Tumbler Ridge

Tumbler Ridge is the waterfall capital of the north

Photo tips by Larry Erlendson

Flatbed falls.
This photo was taken at sunset, with a zoom at equivalent focal length of 30 mm, f20 and 6 second exposure, with polarizing and ND8 filters. — Photo courtesy of Larry Erlendson

Photo op: Kinuseo Falls

A dramatic 60-metre vertical drop and glacier-fed waters make Kinuseo Falls on the Murray River the landscape highlight for visitors to the Tumbler Ridge area. For the more adventurous, Monkman Creek upstream of Kinuseo flows over a series of falls that can be accessed via longer trails, but Kinuseo Falls are easily accessible from a parking lot.

Directions: Take Highway 52 South (Boundary Road) out of town and after 12.7 kilometres turn right at the Quintette Mine turnoff.  Drive 50 kilometres on the Murray Road to the Monkman Park entrance. The gravel road past the mine plant site can be rough at times, so give yourself lots of time and enjoy the scenery. Once inside Monkman Park, you are almost there; look for the Kinuseo Falls side road on your right.

A short walk from the parking lot leads to a viewing platform with views of the river upstream and downstream, or follow an unmarked trail down a steep ravine to the base of the falls—be sure footed, and proceed at your own risk.

The trailhead from the parking lot offers a short, narrow hike to an upper viewpoint with great photo opportunities. A bench marks the end of the maintained trail, with a spectacular side view of the falls and river downstream.

Photo tip: Hobby photographer Larry Erlendson recommends zooming in and out for a variety of landscape shots from the viewpoints.

“The viewpoint on the main trail is also custom made for a stitched panorama type shot if you like to try those,” he said.

Kinuseo Falls are probably best photographed mid-morning, as most viewpoints will have you pointing towards the sun from noon until later in the afternoon. 

“Try for a day when background clouds add drama,” he said, “although mountain conditions change so quickly, you may just have to trust your luck when timing your trip."

Photo op: Quality Falls

Quality Falls is one of Erlendson’s favorite locations, being close to Tumbler Ridge at the end of a short, easy hike that offers terrific photo opportunities. The trail is an easy, well-maintained 30-minute walk through a spruce forest, descending to a viewpoint above the falls. From there a short, steeper section can be easily be navigated down to the creek.

Directions: The parking lot is well signed, just six kilometres out of town on Highway 52 (Heritage Highway) north towards Dawson Creek.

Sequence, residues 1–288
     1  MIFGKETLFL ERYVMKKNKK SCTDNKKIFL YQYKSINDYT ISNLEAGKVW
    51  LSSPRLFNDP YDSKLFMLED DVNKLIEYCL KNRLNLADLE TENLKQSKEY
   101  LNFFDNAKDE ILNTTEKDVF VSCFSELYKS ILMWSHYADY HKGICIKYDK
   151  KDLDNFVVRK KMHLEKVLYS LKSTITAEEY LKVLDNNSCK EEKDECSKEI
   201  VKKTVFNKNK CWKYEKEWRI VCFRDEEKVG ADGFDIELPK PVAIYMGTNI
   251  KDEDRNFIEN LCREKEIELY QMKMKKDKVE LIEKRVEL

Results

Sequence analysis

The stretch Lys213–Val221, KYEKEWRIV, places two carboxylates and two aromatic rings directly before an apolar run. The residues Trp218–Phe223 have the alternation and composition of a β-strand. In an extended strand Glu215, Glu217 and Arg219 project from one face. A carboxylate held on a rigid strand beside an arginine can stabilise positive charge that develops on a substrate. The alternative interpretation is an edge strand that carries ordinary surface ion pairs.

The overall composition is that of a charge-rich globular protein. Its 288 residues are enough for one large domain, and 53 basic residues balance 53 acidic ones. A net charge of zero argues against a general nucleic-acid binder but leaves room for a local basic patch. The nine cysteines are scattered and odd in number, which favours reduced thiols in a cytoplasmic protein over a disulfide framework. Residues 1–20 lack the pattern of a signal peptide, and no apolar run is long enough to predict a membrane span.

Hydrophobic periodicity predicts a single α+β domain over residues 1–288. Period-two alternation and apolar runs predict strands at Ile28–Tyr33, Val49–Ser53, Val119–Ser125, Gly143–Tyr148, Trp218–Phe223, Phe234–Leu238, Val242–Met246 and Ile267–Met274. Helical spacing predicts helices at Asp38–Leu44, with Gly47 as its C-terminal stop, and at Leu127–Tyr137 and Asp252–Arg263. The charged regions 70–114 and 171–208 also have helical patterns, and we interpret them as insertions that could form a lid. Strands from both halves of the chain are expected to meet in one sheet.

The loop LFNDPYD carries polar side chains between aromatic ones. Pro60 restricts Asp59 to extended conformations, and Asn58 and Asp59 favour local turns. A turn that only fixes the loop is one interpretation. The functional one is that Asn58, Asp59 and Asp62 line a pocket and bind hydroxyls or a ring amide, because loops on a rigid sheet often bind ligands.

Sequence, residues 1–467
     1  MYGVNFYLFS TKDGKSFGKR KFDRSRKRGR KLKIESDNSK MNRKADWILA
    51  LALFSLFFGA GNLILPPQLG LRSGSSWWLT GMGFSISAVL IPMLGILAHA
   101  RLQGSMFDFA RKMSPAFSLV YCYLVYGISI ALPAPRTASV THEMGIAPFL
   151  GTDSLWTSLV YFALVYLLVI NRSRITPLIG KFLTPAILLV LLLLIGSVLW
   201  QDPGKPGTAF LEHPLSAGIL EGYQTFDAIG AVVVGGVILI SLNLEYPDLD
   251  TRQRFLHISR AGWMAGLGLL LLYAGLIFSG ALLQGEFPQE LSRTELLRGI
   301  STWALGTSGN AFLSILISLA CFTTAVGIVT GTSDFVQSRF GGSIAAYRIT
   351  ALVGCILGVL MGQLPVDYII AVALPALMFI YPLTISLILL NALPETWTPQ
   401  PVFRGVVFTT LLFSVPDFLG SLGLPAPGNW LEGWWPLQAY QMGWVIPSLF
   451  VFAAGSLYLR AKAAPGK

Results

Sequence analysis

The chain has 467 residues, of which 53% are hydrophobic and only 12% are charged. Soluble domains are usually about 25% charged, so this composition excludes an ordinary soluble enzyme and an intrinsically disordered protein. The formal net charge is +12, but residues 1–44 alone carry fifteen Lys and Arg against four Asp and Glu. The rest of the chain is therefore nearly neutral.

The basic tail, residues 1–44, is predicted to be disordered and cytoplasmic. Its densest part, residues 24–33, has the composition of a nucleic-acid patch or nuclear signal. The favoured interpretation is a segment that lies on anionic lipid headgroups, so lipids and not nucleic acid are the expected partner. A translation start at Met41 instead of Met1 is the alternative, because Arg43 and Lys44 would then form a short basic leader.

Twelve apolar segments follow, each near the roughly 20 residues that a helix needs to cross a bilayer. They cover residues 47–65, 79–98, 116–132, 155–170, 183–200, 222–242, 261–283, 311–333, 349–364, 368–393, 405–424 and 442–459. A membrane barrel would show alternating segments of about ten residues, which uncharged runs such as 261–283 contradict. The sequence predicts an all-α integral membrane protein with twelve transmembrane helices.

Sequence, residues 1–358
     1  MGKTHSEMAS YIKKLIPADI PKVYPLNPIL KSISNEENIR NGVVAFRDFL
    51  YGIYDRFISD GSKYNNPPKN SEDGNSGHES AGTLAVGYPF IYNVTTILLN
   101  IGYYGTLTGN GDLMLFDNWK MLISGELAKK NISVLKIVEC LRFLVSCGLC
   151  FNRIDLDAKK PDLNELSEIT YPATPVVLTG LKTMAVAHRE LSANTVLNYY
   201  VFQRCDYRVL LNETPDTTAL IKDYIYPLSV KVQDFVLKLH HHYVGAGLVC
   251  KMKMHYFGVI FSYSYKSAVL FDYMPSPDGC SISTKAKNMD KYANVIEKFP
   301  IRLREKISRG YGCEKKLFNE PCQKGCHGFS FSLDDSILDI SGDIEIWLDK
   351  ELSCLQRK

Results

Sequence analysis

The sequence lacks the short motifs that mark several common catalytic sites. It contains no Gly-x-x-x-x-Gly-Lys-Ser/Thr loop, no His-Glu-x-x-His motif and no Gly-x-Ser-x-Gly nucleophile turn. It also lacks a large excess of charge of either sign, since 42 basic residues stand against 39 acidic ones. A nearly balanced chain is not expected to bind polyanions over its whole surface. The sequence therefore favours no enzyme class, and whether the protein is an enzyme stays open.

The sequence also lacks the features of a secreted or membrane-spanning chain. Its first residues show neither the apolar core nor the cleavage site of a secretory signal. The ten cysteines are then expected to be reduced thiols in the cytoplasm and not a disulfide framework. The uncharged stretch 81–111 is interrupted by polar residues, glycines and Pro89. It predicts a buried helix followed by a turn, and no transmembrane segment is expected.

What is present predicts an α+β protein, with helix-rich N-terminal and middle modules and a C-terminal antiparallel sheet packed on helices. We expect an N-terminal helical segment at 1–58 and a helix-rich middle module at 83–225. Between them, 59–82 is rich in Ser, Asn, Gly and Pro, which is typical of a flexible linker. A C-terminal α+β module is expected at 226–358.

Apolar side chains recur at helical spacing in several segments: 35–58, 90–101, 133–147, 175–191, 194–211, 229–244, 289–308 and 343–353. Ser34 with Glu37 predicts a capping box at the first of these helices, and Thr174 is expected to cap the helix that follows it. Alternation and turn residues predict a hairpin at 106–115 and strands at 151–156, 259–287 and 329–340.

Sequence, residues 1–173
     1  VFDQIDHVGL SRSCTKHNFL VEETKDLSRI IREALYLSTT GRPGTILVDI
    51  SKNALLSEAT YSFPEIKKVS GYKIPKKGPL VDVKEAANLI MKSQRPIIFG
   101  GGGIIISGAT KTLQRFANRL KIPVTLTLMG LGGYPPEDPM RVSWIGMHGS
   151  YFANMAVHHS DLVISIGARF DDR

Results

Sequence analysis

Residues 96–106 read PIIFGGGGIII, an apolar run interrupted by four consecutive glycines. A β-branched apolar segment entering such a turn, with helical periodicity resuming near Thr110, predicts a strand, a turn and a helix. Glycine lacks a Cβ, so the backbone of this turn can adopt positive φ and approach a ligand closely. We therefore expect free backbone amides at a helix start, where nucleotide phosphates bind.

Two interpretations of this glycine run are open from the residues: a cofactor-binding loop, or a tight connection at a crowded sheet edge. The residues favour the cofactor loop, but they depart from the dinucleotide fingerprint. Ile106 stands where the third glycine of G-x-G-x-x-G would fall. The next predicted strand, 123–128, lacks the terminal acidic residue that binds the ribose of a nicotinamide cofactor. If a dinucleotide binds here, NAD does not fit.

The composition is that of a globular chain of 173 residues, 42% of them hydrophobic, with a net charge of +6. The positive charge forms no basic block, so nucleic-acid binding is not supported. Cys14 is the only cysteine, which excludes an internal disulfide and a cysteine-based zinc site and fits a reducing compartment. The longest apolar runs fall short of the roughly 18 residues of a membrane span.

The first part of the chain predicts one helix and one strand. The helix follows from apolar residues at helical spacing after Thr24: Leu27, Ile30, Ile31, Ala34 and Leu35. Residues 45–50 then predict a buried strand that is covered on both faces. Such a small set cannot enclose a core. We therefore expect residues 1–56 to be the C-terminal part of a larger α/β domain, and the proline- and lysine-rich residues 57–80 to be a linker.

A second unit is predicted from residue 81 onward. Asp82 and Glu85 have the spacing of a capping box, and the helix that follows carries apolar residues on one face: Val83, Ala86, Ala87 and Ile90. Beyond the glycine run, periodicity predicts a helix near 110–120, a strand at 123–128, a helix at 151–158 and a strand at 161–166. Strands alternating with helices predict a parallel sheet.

Photo tip: From the creek level it’s hard to imagine taking a poor photo, since when you're looking towards the falls the scene almost composes itself for you, said Erlendson.

“The creek is shallow and it’s easy to cross the creek to get different points of view for more creative and unique photos,” he said.

Erlendson recommends trying a shot with your companions right in the waterfall or in the creek or else setting up a tripod in the creek at the base of the falls. 

“This is a fun photo shoot that children will enjoy taking part in,” he said. “Just be careful because the rock is slippery and you don’t want to walk back with a sprained ankle or damaged camera.” 

Quality Falls photographs best on a light overcast day and with that type of light you can get good shots at any time of day. 

“Try polarizer and ND filters to take the glare off the water and decrease your shutter speed, especially when the creek flow is low,” Erlendson said.

Photo op: Flatbed Falls

Flatbed Falls is another picturesque little waterfall close to Tumbler Ridge, with a trailhead just a kilometre out of town on Highway 52 South. At only four metres high, with flow variations between peak runoff and after storms to low flow in late summer after a dry spell, the attraction offers an accessible opportunity for varied photo excursions.

The walk down to the falls is along a short, steep gravel path that passes a log shelter and a wetland with several beaver dams (you may get lucky with a beaver photo opportunity). The trail ends at the top of the falls and there is a side trail to walk down to the creek bed below the falls. 

“The return walk up will leave most people huffing and puffing,” said Erlendson, “but it beats the heck out of your gym StairMaster.”

Directions: The trailhead is located just one kilometre out of town on Highway 52 South. The trailhead has signboards for three trails: one to the falls, another to dinosaur tracks upstream on Flatbed Creek and a third that runs downstream to the Lions Campground.

Photo tip: “I prefer low flow, when you can walk across the creek and take photos from all different angles: above, from beside and below the falls,” said Erlendson.

Flatbed Falls are definitely more photogenic in the evening, with the sun setting, so it is best to combine with a day trip when returning to town. Try a wide variety of viewpoints and focal lengths, from normal to wide, Erlendson adds.

“This is another location that children will enjoy," he said. "If they are tempted to jump from above the falls into the pool, please make sure to check the pool depth first, and never dive. You might be able to get some great action shots from beside and below the falls.”

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